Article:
35mm Tech Pan

Discussion in 'Black and White' started by rick_helmke|2, May 5, 2013.

  1. Evening all,
    I often tell my friends there is more film in my freezer than food and while I'm heavily invested in digital this is still apparently true. While looking for some dinner I ran into two bulk rolls of 35mm Tech Pan. I aquired these some time back when the photo service I used to work for went digital and gave me a huge supply of all manner of film and chemistry. It's out of date but I know for sure that it's been frozen since purchase. I recall using this film in 4x5 format (which I also have some in the same freezer) but that we used it for high contrast copy work. I recall using the 35mm in some studio settings rated at about 160 and processing for very high contrast results. If memory serves I believe I read somewhere it could also be rated at ISO 25 and processed differently for very nice, nearly grainless continous tone images. Does anyone here have experience using this film in that manner? If so, what developer was used? Is it truly good as a low speed continous tone film similar to the long lost Panatomic-X? I've used miles of Tri-X and Plus-X through the years but always thought Kodak made a mistake in dropping Panatomic from their line. I'd like to load some up and get some use from it. I may scan it it but am contemplating a new darkroom set up in the fall. Thanks for any information.

    Rick H.
     
  2. The developer you're thinking of is Technidol. Kodak stopped making and distributing it several years ago, now quite hard to find.
    Photographer's Formulary TD-3 developer is also quite suitable.
    No developer will really get a proper S-shaped HD curve out of Tech Pan, there will always be somewhat odd tonal response, and it also has an "unusual" spectral response. You're trying to make what is essentially microfilm into continuous-tone film, something it really doesn't inherently want to do.
     
  3. Pan-X has a much smoother curve though not as fine of a grain as Tech Pan. Tech Pan is also more sensitive to red, almost to the IR range. It was shot for its fine grain and very high resolution and edge sharpness making 35mm close to 6x9 in quality. There is no way to make Tech Pan look as "good" as Pan-X but with careful processing can still turn out a decent tonal range.
    data sheet: http://www.kodak.com/global/en/professional/support/techPubs/p255/p255.pdf
     
  4. What nostalgia!
    Mike's second link mentions H&W Control as one of four developers you could use with Tech Pan. Long before there was a "Tech Pan", I used to use Control with Kodak 5069 "High Contrast Copy Film", which is basically the stuff that got rebadged as Tech Pan. (Some would argue that Technidol was Kodak's answer to Control). I think it was the first developer propmted to turn high contrast microfilm into wide tone pictorial film. I learned about it in a 1973 Aaron Sussmann's "Amateur Photographer's Handbook".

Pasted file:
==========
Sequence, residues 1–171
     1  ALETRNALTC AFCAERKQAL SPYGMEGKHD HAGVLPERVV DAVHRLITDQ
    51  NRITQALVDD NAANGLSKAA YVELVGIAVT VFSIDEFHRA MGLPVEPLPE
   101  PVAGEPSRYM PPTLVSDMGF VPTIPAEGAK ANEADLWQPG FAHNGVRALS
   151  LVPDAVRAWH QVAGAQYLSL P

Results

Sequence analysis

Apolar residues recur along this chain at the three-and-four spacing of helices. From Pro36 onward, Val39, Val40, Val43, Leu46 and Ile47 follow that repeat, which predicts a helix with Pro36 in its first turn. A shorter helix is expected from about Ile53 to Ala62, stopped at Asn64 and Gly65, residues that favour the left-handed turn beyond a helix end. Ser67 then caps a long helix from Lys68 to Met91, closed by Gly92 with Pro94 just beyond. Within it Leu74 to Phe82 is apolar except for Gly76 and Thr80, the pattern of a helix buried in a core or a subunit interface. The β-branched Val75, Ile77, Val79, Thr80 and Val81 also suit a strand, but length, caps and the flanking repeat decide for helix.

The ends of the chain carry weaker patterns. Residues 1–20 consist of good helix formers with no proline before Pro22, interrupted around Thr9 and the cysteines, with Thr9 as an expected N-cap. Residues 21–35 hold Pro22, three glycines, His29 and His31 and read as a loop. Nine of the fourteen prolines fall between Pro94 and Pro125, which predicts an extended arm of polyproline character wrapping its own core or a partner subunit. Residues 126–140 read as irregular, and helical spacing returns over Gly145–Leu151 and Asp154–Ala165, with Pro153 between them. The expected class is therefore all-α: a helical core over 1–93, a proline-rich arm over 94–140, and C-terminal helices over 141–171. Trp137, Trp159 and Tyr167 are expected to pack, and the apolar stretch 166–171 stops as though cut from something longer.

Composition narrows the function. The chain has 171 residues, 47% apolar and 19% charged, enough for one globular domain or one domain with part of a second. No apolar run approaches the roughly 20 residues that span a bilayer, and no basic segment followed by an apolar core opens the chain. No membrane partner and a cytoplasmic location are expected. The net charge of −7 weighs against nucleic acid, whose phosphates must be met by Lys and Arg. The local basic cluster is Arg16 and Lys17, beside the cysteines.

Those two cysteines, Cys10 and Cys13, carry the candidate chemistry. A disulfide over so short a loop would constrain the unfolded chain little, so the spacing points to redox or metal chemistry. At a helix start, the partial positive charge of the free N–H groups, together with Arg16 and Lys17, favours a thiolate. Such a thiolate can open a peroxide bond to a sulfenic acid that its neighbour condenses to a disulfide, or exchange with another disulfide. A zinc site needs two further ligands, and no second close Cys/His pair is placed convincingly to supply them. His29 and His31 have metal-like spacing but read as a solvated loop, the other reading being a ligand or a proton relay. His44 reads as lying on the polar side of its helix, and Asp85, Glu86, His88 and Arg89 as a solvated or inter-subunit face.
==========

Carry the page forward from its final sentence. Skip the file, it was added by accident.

And guess what? When I Googled for the formula for Control, Google led me back to pnet. ;)
    Unfortunately, that article has two formulas.
    Supposedly, Bluefire HR is pretty much the same stuff.
     
  5. High Contrast Copy is certainly the precursor of Technical Pan, but they are not the same film. Unexposed High Contrast Copy is more greenish, where Tech Pan is more blueish.
    But they are certainly birds of a feather -- both are essentially microfilms.
    I'm sure that High Contrast Copy behaves very similar to Tech Pan in Technidol. But I have fun with High Contrast Copy in D-19, for lith-like results. But you do get halation due to the absolutely clear base of High Contrast Copy.
     
  6. Here on our own Photo.net Jack Dong with his ULC developer and Jay deFehr have two good substitutes for technidol that they use with Imagelink-HQ , the more recent Kodak copy film. You could do a lot worse that to experiment with those.
    Jay calls his 'sweet 'n low' IIRC. It came up in a thread on his Obsidian Aqua. Google 'site://www.photo.net'.
    Both use acscorbate in low dilution with phenidone or PPD.
     
  7. The TP2415 data sheet is still (last I looked, not so long ago) on the Kodak web site.

    It lists many choices for developer and gives the contrast that you should expect.
    There is an HC-110 choice not so much higher contrast than technidol, and easier to find, but I haven't tried it yet.
     
  8. I used Tech-Pan primarily for line copy and low contrast subjects. It and its predecessors were great for this. An exposure index of about 250, bracketing in several half stop increments, and developing in Dektol or Polymax worked for me.
     
  9. If you rate this film at ISO 25 and develop it in Rodinal (now Adonal) at a dilution of 1:300 for 12 minutes and using a temperature of 68 degrees F, you will get beautiful, continuous tone negatives. I also have some High Contrast Copy Film. Having heard it was the precursor to Tech Pan, I developed it the same way and got some great looking negatives. However, the film was from 1971, so I shot a few test frames and found it needed to be exposed at ISO 12 or 6.
     
  10. John-Paul, Thx for this.
     

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